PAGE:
Alberta regulator halts steam-assisted oilsands mining

Alberta regulator halts steam-assisted oilsands mining
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The Alberta Energy Regulator (AER) quietly put the freeze on steam-assisted bitumen mining projects in the Fort McMurray region in January due to concerns about impacts on caprock integrity.

In a bulletin issued to industry on Jan. 28, 2014, AER’s vice president of operations Kirk Bailey said steam assisted gravity drainage (SAGD) projects would be suspended until the completion of a “thorough technical review” to determine the factors affecting reservoir containment, and that decisions on applications for thermal oilsands projects would be deferred until formal regulatory requirements are developed.

“The AER is satisfied that deferring decisions on applications under these circumstances supports safe and responsible development at these projects and will ensure the consistency of regulatory decisions until new fully consulted and technically supported requirements are in place,” states the bulletin.

Five companies have been affected by the freeze, which is limited to the shallow – 100 to 150 metres deep – thermal area of the Wabiskaw-McMurray deposit directly north of Fort McMurray.

According to AER spokesperson Tracie Moore, the study into reservoir containment is part of the regulator’s ongoing assessments to ensure requirement appropriately mitigate risks of development, and has been a priority for many years.

SAGD is a type of in situ oilsands production that pumps steam at high pressures underground to heat the bitumen so that it can be pumped to surface.

Currently, the AER assesses reservoir containment by measuring caprock integrity and determining the maximum pressure at which steam can be pumped underground.

Caprock integrity is established, in part, by acquiring 3-D seismic data of the entire development area. Maximum pressure is calculated using a set formula.

“A caprock must have sufficient thickness and competency and be continuous across the project area to contain steam and heated reservoir fluids,” states the bulletin.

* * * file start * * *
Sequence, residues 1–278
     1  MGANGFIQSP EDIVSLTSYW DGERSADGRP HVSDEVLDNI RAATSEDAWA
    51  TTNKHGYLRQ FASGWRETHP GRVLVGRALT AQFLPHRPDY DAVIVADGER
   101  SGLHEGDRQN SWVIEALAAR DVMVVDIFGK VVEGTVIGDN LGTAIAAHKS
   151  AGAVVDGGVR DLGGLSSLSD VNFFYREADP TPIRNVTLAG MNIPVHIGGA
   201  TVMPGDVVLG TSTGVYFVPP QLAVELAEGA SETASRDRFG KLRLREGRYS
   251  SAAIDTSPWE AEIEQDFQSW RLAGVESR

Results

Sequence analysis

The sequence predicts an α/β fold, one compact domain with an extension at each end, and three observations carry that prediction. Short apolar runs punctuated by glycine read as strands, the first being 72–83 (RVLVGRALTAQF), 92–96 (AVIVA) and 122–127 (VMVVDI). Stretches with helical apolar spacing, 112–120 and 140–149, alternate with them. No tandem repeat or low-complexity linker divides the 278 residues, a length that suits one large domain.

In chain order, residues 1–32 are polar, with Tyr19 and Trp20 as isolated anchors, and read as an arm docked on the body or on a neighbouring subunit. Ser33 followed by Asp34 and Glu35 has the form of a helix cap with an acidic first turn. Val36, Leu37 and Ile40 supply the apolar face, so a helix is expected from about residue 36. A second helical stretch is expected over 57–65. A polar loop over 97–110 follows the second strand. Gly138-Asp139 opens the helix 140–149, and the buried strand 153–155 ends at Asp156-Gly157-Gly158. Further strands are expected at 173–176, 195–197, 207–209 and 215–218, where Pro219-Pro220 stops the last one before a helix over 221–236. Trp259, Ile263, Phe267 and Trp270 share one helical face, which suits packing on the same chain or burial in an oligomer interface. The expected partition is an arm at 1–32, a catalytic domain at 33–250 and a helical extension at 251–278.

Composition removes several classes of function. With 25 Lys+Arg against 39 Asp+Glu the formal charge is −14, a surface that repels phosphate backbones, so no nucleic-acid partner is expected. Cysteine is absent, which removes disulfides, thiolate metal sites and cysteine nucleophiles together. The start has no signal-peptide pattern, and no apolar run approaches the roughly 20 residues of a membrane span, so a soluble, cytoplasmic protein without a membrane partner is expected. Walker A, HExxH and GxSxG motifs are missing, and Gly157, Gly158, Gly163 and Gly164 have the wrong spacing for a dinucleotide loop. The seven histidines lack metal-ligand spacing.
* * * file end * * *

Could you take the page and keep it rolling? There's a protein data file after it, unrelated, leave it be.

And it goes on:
Moore said the shallow area has been specifically chosen as a test area.

“The AER believes that the risk of steam and reservoir fluids being released at surface is greater if reservoir containment is compromised due to the shallow nature of the resource,” she said.

Moore expects the technical review to take months.

“The AER has not yet established a release date for the technical regulatory review of in situ reservoir containment,” she said. “Publishing formal requirements is a complex technical issue and we are committed to giving stakeholders a thorough opportunity to provide input.”

Once the shallow thermal area has been reviewed, the AER intends to review the “deeper area,” Moore said.

The suspension does not impact Canadian Natural Resources Ltd.’s (CNRL’s) steam in situ operations near Cold Lake, where bitumen has been leaking inexplicably and unstoppably to the surface at several sites for nearly a year.

“The current regulatory focus in the Cold Lake area is to investigate the root cause of the CNRL Primrose incident and to use what is learned through the investigation to ensure reservoir containment is maintained at cyclic steam simulation (CSS) operations,” Moore said.

Caprock integrity research also underway

A second project by the AER along with the Alberta Geological Survey is doing geological mapping of a larger pilot area overlapping the shallow thermal area in northeastern Alberta to measure caprock integrity.

Started in 2009 by AER’s predecessor, the Energy Resources Conservation Board, the work intends to get a better understanding of the geological factors affecting the quality of caprock seals above bitumen resources.

The Oil Sands Caprock Integrity Project (OSCRIP) works in collaboration with the technical review of reservoir containment, but is specifically aimed at geological mapping and the characterization of geology above and below bitumen reservoirs.

While an incident review database was supposed to be established for in situ projects through OSCRIP, Moore said that has now changed.

“After an initial review of incidences related to thermal in situ oilsands, we found that there was insufficient data to create a database as was initially planned as part of the Oil Sands Caprock Integrity Project. The AER now publishes all incidents on its Incident Reporting tool, on the AER website.”

She said new technical reports from OSCRIP will be posted online soon, but did not give a date.

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